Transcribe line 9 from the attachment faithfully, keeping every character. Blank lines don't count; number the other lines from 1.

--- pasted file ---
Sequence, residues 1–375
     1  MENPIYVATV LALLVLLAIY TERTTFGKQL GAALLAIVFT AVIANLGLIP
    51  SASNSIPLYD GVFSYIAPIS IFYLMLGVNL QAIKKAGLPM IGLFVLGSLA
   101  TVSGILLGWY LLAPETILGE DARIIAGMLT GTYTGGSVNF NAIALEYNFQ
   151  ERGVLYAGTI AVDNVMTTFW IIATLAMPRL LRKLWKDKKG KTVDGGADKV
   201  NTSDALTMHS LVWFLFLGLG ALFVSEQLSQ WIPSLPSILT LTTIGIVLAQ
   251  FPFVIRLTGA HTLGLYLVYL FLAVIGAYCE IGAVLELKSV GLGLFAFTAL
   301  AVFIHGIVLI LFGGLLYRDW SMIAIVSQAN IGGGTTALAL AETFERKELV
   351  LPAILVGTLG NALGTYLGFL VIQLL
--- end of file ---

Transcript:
   351  LPAILVGTLG NALGTYLGFL VIQLL